But Spock made his choice, and so onto Vulcan he goes. When Spock approaches T’Vora, the Kolnahr master, to study the ancient discipline, she uses logic to examine Spock’s past attempt and his current desire to achieve total logic. The pull of V’Ger and the desire to incorporate emotion with having logic dictate it were discussed and the differences between that and the V’tosk Ka’Tur, of whom Sybok was a member of. All of these have been in Spock’s background but never fully explored before and their relevance becomes clear when T’Vora points out that the discipline of Kolinahr should not be pursued based off an emotional reason but because of a lifestyle choice and a commitment to the ideal. Therefore Spock’s first application is denied, and rightly so. T’Vora knows that Spock is running away from his guilt and must confront and analyze before even attempting Kolinahr. Otherwise, how could someone hoping to achieve total logic do it based on emotional reasoning?
Months after Spock arrives at his home and feels more isolated than ever before, Spock decides to attempt the Kolinahr again. Amanda summons Sarek in an attempt to dissuade Spock from making the attempt, frightened over losing her son. Sarek respected Spock’s choice but didn’t feel it was the right path for him, that the battle between his human and Vulcan sides was won. He goes on, stating that Spock is where he should be: an emotional be3ing who controls its output with logic, with human feelings existing. Spock feels this is simply not the case and doesn’t seem to recognize the huge importance of his father stating this. Instead, he doesn’t want this to be his life, and readers should feel like Alexandra would pipe in with her earlier statement about want and need. Even Sarek and Amanda recognize this truth for Spock, but he cannot.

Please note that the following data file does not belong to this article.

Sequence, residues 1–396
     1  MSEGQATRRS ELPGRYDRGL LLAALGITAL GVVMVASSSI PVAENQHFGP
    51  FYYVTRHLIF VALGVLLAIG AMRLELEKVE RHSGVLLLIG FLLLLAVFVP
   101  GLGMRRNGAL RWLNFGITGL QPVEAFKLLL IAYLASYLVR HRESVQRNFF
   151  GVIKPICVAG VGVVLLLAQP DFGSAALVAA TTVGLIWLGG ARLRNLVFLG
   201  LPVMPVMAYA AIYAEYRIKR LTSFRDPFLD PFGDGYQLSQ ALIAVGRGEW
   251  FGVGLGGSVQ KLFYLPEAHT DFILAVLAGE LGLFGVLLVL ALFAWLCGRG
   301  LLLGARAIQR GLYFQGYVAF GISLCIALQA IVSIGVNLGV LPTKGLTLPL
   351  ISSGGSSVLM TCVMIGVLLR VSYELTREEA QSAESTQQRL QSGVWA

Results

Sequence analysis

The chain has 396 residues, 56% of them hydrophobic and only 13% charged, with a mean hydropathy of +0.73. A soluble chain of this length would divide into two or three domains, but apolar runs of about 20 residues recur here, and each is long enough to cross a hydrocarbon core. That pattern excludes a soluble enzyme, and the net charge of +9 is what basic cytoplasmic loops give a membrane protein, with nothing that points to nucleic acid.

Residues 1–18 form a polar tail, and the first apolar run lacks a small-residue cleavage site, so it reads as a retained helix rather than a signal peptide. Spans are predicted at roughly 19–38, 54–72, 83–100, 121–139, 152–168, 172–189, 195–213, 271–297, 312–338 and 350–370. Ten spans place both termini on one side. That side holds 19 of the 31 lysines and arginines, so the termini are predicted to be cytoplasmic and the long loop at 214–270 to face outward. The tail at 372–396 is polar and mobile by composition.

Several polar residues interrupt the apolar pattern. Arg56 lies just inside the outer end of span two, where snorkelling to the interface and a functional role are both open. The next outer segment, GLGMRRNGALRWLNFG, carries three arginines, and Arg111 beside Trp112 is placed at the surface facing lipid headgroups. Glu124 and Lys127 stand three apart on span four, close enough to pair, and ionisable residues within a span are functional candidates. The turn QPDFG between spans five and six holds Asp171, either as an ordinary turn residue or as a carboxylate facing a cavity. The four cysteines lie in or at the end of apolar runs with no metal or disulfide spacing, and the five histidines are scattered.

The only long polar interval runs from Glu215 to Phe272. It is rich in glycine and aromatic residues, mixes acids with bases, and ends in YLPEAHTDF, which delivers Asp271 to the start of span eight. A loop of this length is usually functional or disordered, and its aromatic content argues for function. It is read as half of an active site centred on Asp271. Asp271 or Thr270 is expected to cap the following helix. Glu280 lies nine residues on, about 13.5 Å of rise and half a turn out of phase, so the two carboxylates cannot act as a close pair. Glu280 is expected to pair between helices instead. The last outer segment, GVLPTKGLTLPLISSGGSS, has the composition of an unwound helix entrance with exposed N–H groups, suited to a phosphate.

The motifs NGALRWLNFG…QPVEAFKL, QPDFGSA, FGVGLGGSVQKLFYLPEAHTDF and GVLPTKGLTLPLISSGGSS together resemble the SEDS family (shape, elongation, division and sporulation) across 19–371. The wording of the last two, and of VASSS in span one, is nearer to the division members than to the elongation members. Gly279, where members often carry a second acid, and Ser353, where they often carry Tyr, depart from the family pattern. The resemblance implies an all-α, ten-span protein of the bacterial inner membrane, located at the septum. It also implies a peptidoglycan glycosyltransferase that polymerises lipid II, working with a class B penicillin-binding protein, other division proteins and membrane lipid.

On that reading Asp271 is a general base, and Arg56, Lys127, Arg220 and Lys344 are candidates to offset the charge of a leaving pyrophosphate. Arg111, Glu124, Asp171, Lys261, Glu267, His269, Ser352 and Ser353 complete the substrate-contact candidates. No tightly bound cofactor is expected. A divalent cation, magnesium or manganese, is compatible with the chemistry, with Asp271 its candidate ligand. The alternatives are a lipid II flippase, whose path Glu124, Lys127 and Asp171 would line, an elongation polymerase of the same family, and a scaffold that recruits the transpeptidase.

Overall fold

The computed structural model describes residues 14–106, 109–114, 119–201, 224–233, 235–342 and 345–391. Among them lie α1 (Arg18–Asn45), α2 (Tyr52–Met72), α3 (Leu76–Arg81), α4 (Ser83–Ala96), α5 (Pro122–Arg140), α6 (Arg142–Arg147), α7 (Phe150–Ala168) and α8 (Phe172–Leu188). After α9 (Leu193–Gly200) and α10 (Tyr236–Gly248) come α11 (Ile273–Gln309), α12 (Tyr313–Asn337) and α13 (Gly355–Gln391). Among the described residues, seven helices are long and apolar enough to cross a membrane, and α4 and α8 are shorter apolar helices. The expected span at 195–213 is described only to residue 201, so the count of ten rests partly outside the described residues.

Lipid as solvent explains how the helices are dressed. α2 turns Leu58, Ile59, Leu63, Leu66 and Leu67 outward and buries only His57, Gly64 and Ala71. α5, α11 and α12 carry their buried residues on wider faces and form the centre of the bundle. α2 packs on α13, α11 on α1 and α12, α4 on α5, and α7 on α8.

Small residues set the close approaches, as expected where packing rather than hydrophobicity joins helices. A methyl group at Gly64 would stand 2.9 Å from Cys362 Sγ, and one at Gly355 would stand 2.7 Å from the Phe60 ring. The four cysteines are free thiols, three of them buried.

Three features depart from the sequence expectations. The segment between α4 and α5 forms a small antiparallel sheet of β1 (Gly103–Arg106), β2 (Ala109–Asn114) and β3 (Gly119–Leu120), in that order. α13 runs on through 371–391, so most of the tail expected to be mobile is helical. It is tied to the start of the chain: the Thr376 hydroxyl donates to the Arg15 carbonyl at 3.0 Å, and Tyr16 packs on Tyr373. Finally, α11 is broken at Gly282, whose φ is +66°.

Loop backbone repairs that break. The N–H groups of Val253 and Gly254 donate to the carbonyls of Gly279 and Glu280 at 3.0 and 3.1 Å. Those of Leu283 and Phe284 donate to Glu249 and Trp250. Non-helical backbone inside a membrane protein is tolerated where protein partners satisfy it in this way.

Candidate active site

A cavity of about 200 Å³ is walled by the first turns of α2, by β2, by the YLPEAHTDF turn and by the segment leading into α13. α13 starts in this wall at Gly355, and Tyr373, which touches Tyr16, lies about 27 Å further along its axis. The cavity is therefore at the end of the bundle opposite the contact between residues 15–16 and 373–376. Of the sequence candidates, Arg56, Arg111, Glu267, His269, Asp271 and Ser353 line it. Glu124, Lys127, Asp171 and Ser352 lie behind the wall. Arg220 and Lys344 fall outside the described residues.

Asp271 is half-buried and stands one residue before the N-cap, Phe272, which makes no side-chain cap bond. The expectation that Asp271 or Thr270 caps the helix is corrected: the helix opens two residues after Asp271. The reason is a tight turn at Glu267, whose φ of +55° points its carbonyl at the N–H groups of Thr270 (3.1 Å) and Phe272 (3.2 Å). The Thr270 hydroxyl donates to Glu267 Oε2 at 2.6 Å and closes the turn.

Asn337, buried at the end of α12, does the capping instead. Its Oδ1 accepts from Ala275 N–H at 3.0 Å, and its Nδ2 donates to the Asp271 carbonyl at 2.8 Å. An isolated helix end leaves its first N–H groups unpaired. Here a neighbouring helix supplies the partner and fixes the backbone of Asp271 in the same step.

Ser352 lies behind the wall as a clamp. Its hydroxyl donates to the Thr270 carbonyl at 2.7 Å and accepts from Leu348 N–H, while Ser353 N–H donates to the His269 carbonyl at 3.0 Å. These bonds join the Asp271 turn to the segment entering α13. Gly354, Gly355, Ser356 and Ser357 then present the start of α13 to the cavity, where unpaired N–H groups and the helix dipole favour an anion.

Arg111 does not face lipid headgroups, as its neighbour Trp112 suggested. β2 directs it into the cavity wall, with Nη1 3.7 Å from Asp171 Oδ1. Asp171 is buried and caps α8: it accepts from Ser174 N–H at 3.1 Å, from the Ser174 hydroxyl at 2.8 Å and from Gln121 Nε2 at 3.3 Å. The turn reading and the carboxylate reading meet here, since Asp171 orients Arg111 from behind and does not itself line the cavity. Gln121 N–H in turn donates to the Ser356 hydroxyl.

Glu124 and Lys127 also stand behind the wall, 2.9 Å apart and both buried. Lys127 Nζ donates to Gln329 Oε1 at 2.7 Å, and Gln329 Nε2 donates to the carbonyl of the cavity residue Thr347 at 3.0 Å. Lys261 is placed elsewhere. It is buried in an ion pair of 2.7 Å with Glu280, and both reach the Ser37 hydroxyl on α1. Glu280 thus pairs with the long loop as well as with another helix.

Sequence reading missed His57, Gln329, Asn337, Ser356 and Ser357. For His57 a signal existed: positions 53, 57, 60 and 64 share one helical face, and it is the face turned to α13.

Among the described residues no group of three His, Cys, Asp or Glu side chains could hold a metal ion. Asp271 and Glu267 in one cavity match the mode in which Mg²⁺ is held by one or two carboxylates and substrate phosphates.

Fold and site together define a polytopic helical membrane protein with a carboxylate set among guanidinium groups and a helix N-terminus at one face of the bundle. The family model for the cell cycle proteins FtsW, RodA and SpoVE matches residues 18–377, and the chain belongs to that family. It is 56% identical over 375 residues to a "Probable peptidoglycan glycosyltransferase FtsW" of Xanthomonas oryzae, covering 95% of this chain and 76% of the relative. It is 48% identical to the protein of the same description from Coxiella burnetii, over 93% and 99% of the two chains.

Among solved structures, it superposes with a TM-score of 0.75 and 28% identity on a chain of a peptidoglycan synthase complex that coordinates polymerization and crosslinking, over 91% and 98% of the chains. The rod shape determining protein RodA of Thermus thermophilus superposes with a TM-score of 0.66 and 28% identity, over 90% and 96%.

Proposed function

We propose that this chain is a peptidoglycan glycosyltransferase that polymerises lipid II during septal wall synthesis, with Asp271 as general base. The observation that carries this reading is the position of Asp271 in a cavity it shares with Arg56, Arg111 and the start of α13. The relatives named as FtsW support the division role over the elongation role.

And so Spock approaches T’Vora again, who once again questions Spock’s motives for Kolinahr, with him responding the desire to become fully Vulcan. They discuss back and forth and to ensure the Spock is sincere she mind melds with him, and decides to let him in. I ask: WHY?! Because of the depth of the guilt Spock carries affecting his ability to live? We know he walks away from the acceptance of his dual nature and expresses how he will no longer have a human side. That’s emotion itself! T’Vora feels it was a desire, which would be an emotion. She claims that the need for Kolinahr is logic based, but is it really? Or is it essentially a mission of mercy? That too seems unlikely, for later actions by her indicate a genuine belief that Spock’s pursuit was based in logic. Whatever the case may be, she accepts him and the process of Kolinahr achievement began.
To be continued…in this next part.
© 2017 Leonard Kelley